Water Journal : Water Journal June 2015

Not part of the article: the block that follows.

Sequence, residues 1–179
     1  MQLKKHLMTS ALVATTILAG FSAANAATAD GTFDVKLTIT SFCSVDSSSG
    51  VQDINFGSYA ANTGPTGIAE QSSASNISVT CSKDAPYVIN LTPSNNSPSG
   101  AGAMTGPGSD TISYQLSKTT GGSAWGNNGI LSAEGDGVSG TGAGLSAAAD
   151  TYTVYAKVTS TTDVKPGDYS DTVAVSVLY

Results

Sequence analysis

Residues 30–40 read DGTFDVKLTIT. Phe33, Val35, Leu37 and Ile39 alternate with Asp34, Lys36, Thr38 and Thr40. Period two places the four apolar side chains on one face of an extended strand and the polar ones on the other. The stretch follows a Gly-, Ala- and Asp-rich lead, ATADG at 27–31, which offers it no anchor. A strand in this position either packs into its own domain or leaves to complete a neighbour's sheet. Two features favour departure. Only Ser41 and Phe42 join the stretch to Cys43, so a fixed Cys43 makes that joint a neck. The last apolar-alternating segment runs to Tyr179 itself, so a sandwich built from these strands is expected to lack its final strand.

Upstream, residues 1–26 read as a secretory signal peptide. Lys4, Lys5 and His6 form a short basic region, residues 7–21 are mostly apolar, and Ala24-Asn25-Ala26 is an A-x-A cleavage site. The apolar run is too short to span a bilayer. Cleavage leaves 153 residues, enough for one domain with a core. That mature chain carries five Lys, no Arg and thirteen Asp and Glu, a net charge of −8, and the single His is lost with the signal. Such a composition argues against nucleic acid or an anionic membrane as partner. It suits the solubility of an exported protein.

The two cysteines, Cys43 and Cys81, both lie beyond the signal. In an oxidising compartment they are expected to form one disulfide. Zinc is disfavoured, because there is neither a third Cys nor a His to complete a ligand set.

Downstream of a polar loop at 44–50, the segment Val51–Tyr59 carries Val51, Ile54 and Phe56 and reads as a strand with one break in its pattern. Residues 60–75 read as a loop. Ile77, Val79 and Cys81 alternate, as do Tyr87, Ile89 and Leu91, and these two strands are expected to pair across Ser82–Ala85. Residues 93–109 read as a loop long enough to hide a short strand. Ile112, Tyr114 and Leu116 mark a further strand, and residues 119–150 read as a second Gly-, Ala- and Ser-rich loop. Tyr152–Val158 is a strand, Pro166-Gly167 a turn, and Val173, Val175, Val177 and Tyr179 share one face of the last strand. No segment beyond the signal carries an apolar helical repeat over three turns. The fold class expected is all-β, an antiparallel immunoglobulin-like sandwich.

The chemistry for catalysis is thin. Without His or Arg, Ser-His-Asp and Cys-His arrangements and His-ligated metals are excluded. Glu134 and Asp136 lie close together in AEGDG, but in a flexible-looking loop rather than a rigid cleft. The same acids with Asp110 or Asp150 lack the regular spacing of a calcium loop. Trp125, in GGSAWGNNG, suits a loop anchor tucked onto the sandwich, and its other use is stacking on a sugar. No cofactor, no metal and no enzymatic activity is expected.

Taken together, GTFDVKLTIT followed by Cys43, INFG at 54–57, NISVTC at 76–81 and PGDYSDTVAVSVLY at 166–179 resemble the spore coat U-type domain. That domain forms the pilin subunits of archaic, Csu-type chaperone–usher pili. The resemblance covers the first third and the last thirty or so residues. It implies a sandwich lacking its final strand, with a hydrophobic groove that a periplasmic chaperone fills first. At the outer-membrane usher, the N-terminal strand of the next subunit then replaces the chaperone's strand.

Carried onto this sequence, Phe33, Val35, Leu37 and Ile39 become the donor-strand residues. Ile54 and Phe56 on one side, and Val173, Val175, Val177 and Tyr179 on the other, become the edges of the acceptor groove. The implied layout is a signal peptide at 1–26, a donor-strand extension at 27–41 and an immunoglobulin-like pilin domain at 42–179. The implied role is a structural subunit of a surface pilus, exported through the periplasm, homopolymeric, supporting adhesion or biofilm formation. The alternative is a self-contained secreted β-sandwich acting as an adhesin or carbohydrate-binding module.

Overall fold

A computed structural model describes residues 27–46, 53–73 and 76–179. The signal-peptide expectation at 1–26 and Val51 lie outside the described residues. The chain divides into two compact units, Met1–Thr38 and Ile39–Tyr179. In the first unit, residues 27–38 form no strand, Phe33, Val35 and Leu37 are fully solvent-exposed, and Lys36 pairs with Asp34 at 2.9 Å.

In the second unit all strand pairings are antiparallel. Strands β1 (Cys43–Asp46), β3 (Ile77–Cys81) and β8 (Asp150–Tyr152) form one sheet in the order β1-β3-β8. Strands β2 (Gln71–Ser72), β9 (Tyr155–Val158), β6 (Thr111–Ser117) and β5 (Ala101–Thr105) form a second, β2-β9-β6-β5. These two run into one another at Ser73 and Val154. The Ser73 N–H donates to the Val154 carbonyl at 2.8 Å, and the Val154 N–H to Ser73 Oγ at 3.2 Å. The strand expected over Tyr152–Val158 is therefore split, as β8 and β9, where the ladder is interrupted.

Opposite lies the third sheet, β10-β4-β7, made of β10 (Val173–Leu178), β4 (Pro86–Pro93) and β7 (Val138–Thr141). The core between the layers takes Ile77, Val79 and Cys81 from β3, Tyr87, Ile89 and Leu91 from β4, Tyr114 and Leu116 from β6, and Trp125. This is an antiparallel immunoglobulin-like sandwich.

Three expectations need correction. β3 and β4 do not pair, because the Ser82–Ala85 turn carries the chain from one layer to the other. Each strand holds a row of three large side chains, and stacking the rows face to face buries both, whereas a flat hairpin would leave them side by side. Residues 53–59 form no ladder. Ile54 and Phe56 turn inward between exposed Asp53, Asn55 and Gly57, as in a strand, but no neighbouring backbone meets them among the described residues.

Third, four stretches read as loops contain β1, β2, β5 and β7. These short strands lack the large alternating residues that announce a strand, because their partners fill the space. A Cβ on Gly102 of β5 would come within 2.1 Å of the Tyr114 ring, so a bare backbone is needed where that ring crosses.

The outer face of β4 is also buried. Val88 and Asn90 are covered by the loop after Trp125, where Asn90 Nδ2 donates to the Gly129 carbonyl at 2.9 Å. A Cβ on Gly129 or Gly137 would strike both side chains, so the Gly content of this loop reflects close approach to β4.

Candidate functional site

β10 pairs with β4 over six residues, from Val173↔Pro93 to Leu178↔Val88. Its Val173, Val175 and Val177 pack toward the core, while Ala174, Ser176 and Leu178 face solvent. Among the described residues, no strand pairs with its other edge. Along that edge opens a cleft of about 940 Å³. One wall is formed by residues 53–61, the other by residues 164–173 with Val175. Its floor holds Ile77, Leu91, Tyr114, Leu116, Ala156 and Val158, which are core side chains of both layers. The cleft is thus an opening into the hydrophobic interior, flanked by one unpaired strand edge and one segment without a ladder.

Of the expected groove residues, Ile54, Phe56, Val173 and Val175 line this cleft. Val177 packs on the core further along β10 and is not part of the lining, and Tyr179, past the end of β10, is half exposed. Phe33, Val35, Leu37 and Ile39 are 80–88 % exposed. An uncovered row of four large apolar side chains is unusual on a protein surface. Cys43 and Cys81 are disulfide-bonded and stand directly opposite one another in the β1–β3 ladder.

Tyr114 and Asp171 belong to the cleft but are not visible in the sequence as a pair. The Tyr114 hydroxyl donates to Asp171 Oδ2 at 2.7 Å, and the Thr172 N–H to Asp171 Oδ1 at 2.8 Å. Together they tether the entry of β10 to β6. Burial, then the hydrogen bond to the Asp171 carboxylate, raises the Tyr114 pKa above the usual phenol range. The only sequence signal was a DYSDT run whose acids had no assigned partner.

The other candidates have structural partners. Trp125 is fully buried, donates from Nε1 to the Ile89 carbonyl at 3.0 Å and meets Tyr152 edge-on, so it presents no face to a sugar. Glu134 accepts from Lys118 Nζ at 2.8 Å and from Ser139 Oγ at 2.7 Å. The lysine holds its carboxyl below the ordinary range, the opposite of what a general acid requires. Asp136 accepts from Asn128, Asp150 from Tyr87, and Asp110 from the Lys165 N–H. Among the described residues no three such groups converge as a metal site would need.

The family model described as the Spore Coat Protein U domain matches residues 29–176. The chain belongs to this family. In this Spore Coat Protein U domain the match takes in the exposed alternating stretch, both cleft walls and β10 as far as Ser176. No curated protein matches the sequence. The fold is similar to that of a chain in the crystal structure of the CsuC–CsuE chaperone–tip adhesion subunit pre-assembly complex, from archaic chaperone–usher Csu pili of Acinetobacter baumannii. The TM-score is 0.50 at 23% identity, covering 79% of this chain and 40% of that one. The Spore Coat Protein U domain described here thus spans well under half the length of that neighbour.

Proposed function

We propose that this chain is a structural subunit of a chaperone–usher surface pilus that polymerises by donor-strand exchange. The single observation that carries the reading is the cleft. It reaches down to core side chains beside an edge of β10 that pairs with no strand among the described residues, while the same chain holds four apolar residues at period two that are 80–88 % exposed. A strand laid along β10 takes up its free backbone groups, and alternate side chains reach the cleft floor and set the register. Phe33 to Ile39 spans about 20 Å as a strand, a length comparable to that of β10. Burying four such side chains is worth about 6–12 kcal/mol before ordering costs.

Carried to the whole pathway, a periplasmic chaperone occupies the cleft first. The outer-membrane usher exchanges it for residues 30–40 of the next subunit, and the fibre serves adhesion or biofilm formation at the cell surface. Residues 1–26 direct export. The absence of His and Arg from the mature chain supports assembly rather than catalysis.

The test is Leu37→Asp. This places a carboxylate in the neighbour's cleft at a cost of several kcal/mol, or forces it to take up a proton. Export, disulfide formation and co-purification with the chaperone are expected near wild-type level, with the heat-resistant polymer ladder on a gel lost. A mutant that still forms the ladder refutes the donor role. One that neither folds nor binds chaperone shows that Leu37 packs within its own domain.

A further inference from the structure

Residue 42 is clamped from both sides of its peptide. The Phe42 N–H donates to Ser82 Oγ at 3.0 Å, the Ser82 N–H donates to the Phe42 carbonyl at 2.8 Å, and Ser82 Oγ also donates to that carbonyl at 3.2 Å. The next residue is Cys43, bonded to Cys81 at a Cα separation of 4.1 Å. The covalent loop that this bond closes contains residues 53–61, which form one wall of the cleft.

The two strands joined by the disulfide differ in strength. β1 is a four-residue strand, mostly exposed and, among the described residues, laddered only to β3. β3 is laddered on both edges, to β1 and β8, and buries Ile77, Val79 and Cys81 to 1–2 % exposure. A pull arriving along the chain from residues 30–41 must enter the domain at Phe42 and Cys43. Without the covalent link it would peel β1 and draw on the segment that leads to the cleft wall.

water June 2015 10 CrossCurrent International In spite of the prolonged drought conditions gripping California, it’s the state of water and wastewater infrastructure and how to finance capital improvements that top the list of concerns facing water professionals throughout North America, according to the American Water Works Association’s 2015 State of the Water Industry Report. You can access the full report at www.awwa.org. The Obama administration has issued a rule to protect streams and wetlands under the Clean Water Act, a step it says will help keep drinking water safe. The Waters of the United States (WOTUS) rule, issued by the EPA and the Army Corps of Engineers, aims to give clarity about which bodies of water the EPA would have jurisdiction over. Environmental groups have praised the measures, but farmers fear they could face steep fines if traces of fertiliser or manure are discharged without a permit into bodies of water under the EPA's regulatory powers. Lawmakers from farm states have blasted the rule and called on the administration to withdraw or redo it. The New Zealand Office of the Auditor-General has investigated the state of infrastructure maintenance done by local authorities, and what is needed to ensure the provision of roads and water supply, wastewater and stormwater in the future. In New Zealand these assets are collectively worth more than $100 billion. The Office analysed the asset management practices of 31 selected local authorities that between them own 74% of local authority property, plant and equipment assets nationwide. National The Government has released its White Paper on Developing Northern Australia: Our North, Our Future. The White Paper sets out an ambitious long-term reform agenda for the north, delivering an initial investment of $1.2 billion in addition to the $5 billion Northern Australia Infrastructure Facility to provide concessional finance for infrastructure projects. The White Paper includes measures to unlock the north’s potential across six key areas: simpler land arrangements to support investment; developing the north’s water resources; growing the north as a business, trade and investment gateway; investing in infrastructure to lower business and household costs; reducing barriers to employing people; and improving governance. The Government will support the development of more water resources in the north by establishing a $200 million Water Infrastructure Development Fund. The Fund will provide up to $5 million for a feasibility analysis for the Nullinga Dam near Cairns, and up to $5 million for a detailed examination of land-use suitability for Ord Stage 3. Secure water rights will be a condition for any water delivered through new Commonwealth funded water infrastructure. The Government will also provide $15 million for water resource assessments of the Mitchell River (Queensland), West Kimberley (Western Australia) and Darwin region (Northern Territory). More information on the White Paper is available at: northernaustralia.dpmc.gov.au The House of Representatives has passed legislation to abolish the National Water Commission. Parliamentary Secretary to the Minister for the Environment, Bob Baldwin, said the legislation would save $21 million over forward estimates. “All Governments have made substantial progress in water reform so there is no longer a need for the National Water Commission to operate as a standalone agency,” Mr Baldwin said. “It’s important to note that the key statutory functions of the NWC will be carried out by other agencies to ensure their delivery is not affected.” The Coalition passed the legislation through the Senate on May 13. The Australian Government says it is delivering on its commitment to Murray-Darling Basin communities, introducing legislation for a 1,500 gigalitre cap on water purchases in the Basin. Minister for the Environment, Greg Hunt, said the Water Amendment Bill 2015 would ensure certainty for Murray-Darling Basin communities. The Murray-Darling Basin Authority is calling on basin water users to see the river system as a national asset. Chair, Neil Andrew, said many water users were still blaming others in the river system for using too much water, rather than working together. He said it would be difficult to find the perfect medium between getting the river to full health and using it as an irrigation source, and getting the states to work together. Australia’s productivity and quality of life will be tested, with population and economic growth set to cause increasing congestion and bottlenecks, according to the nation's first comprehensive infrastructure audit. Releasing the report, Infrastructure Australia Chairman Mark Birrell said Australia must act now before these demand pressures affect our living standards and economic competitiveness. "Experiences of transport networks failing to keep pace with demand, water quality standards being uneven, energy costs being too high, telecommunication services being outdated, or freight corridors being neglected are now so common that they necessitate a strategic response," he said. Water trading organisation Waterfind has released its quarterly CEO Report (Q3) for the 2014–2015 irrigation year. The report finds that the national temporary water market has continued to record the highest average prices since the Millennium drought. Dry conditions and lower water availability kept the demand for temporary water high during Q3 of the 2014–15 irrigation season, while heavy rainfall in April reduced demand only slightly. Within the Southern-Connected system, a major share of demand for temporary water has come from irrigators in Victoria, especially from the Murray, below the Barmah Choke and Goulburn systems. The ACCC has released its fifth Water Monitoring Report, which will help inform its current review of the Commonwealth's water charge rules. The report details the impact of water market and charge reforms on irrigators and infrastructure operators in the Murray-Darling Basin. Under the water market rules, irrigators are able to more easily "transform" and trade their water free from any operator restrictions. The rules also limit the fees that can be charged when an irrigator wants to change or terminate their water delivery arrangements.